Island Living

Kingsville is especially blessed. Due to repairs taking place on the Leamington dock, the ferry to Pelee Island is docking in Kingsville for the whole summer. At 8:00 o'clock this morning, as I was watering my plants, I could hear its horn signalling its first departure of the day. Normally the ferry only docks here during the month of August. What makes this summer particularly nice is that my husband and I can ride our bikes down to the dock, hop on the ferry, ride around the island until we lunch somewhere, then get home in plenty of time for dinner.

Pelee Island is very quaint, much like Ontario in the 50s. In other words, you make your own fun. There aren't any Tim Hortons, bank machines, or amusement parks and the only grocery store burnt down over the winter. Jane Christmas, a Toronto journalist, wrote a series of columns about it for The National Post when she spent a winter there recovering from a serious car accident and then turned the articles into the bestseller, The Pelee Project. She adeptly describes the culture shock in adapting to the laidback atmosphere of the island after her frenetic and often shallow existence in Toronto. A big night on the town is a community potluck dinner and movie in the Lions Hall. If you want to relax, Pelee Island is the place to do it. Margaret Atwood (Peggy to her friends) has a cottage there and hunters know the place for its fall pheasant shoot. The pheasants are bred on the island and then let loose in a very confused and complacent state. There's also quite a good summer theatre, a winery, and some bed and breakfasts and restaurants. Perfect place to cycle. For the most part the roads are paved and cut quietly through lush fields. Rather expensive cottages share a gorgeous sand beach. We try to get over at least once a year but there are a surprisingly large number of local people who have never been. I would compare it to a visit to P.E.I. without the travel stress. And the lobster, unfortunately. But it does have awesome lake perch.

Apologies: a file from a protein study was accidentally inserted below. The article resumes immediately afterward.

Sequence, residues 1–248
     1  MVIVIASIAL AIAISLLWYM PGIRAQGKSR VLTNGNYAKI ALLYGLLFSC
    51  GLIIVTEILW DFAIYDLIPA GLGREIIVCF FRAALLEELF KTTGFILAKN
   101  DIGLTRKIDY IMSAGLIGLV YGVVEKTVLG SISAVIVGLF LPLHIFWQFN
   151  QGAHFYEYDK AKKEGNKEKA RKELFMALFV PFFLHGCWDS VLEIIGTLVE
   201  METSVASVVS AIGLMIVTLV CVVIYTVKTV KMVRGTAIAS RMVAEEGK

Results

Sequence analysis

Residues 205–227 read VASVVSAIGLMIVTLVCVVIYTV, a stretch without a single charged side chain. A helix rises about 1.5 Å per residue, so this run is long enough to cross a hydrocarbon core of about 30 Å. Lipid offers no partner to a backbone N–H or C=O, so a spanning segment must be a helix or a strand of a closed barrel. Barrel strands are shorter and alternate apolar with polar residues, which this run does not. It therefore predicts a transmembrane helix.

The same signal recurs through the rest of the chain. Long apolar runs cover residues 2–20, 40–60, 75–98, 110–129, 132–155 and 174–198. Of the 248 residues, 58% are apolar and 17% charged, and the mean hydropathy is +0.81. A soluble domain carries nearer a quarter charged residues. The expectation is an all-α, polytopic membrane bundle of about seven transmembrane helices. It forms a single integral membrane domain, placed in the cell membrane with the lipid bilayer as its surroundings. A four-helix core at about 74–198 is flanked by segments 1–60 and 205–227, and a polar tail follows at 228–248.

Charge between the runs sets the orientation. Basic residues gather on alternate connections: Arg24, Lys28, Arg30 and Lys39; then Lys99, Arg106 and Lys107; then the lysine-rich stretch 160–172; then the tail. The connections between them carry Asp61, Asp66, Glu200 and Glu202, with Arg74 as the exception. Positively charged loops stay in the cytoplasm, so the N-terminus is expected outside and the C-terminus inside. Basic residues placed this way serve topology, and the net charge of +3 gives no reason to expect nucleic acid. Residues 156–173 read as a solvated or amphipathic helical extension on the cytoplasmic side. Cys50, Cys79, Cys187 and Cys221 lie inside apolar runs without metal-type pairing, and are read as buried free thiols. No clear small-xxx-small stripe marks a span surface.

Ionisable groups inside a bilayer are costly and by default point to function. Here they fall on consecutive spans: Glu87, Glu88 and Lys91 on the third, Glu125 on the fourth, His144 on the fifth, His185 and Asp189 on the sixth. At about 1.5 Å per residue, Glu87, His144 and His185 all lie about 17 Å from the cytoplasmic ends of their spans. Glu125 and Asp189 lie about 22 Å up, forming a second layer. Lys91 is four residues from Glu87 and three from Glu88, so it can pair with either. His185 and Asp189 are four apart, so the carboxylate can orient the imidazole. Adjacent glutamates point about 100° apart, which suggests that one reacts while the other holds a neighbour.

Island living does take a certain type of person and there are lots of those in the recent release of The Guernsey Literary and Potato Peel Pie Society. Guernsey is a British island tucked up near the coast of France. One of the perks of living there is that you don't pay income tax. During the second world war, when this story takes place, it was occupied by the Germans and residents were reduced to making pies out of potato peels because Churchill refused to let the Red Cross drop off food and the Germans confiscated everything edible on the island. The book offers charming character studies, a little intrigue and a little romance, but mostly it focuses on the people and how they survived with grace and no small amount of humour.